However, Chulu said while global progress has been made in reducing poverty (largely due to China and India’s contribution), the sub-Saharan African region still has a long way to go. The region’s poverty rate fell to less than 48% between 2005 and 2008 – the largest drop in the region since international poverty rates began to be estimated. For the first time, the absolute number of people living in extreme poverty also fell in the region, from 395 million in 2005 to 386 million in 2008. This drop, the report states, reversed the long-term trend of increase since 1981. “We have patted ourselves on the back because we have made progress, but we have to look critically at Africa to ascertain why Africa has been left behind in this progress,” said Chulu.

Another recorded success is that the 2010 target of halving the proportion of people without access to improved sources of drinking water has been reached. The number of people using improved water sources rose from 76% in 1990 to 89% in 2010, translating to more than two billion people currently with access to improved sources such as piped supplies or protected wells.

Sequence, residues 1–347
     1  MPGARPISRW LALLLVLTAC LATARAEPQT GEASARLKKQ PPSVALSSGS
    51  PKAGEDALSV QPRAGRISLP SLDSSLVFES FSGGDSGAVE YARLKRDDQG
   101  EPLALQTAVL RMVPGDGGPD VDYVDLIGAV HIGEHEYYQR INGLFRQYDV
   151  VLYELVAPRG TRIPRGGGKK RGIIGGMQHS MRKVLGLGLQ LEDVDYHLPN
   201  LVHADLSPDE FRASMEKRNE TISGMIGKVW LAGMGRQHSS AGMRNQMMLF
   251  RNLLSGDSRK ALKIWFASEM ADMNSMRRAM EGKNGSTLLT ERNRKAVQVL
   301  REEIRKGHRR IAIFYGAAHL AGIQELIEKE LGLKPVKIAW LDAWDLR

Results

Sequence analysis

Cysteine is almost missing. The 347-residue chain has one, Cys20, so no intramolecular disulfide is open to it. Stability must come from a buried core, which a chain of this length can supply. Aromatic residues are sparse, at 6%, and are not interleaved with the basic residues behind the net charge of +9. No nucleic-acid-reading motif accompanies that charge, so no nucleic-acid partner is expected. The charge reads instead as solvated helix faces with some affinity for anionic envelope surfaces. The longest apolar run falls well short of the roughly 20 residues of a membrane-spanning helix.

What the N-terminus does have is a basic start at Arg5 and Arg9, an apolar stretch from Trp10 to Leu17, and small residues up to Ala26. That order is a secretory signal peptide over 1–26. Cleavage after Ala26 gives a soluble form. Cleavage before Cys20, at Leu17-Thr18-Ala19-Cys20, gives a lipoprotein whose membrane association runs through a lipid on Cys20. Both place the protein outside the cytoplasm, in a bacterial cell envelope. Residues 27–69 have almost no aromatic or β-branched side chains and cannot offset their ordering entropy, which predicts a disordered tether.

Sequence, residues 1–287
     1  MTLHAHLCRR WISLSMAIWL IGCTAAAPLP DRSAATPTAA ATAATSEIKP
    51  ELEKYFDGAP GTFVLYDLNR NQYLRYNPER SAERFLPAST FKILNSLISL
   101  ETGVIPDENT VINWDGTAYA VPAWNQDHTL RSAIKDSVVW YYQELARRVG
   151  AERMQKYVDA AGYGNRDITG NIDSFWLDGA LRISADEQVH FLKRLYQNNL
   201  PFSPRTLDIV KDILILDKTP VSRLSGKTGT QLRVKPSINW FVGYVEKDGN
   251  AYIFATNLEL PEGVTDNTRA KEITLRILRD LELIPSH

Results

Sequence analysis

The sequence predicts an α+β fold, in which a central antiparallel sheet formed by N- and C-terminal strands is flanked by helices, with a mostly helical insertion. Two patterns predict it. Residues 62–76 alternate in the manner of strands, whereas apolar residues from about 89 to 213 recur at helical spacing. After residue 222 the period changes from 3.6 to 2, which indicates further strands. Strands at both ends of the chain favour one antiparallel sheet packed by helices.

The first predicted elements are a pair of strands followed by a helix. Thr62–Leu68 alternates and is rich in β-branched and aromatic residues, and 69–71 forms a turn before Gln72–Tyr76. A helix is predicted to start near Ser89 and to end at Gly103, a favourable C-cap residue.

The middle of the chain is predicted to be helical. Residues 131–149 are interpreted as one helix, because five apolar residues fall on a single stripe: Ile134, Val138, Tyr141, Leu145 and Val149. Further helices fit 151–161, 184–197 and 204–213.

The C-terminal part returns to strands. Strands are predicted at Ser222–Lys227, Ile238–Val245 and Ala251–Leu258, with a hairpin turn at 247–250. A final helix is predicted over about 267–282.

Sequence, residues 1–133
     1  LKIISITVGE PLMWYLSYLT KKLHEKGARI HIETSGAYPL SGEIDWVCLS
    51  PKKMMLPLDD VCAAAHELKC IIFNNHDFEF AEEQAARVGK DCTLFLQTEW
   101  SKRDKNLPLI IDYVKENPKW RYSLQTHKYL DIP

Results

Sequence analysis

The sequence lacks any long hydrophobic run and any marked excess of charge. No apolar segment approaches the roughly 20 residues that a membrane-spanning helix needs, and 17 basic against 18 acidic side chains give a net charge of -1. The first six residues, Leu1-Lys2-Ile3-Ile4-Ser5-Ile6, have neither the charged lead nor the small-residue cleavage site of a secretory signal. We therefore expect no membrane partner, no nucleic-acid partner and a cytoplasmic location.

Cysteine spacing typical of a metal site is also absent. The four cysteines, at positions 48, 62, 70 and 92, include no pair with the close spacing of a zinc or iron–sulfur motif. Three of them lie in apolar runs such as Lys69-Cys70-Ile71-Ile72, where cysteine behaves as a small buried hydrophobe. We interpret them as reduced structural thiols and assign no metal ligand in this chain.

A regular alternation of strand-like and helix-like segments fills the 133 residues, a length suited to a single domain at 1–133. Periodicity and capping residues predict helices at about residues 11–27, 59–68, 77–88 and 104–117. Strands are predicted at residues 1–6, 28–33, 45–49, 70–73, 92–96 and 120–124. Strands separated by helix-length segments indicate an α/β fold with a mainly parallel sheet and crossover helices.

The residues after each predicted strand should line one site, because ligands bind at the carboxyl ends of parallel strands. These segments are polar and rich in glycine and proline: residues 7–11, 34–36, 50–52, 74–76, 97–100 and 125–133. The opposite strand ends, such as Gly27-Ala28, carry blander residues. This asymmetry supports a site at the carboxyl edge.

The share of urban residents living in slums in the developing world has also declined from 39% in 2000 to 33% in 2012. More than 200 million have gained access to either improved water sources, improved sanitation facilities, or durable or less crowded housing. This achievement exceeds the target of significantly improving the lives of at least 100 million slum dwellers, also ahead of a 2020 deadline.

Nearly half of the population in developing regions (2.5 billion) still lack access to improved sanitation facilities. By 2015, the world will have reached only 67% coverage, well short of the 75% needed to achieve the MDG target.

Parity in primary education between girls and boys has also been achieved. Driven by national and international efforts, many more of the world’s children are enrolled in school at the primary level, especially since 2000. Girls have benefited the most. There were 97 girls enrolled per 100 boys in 2010—up from 91 girls per 100 boys in 1999.

The report says that enrolment rates of primary school age children have increased markedly in sub-Saharan Africa, from 58 to 76% between 1999 and 2010. Many countries in the region have succeeded in reducing their relatively high out-of-school rates even as their primary school age populations were growing.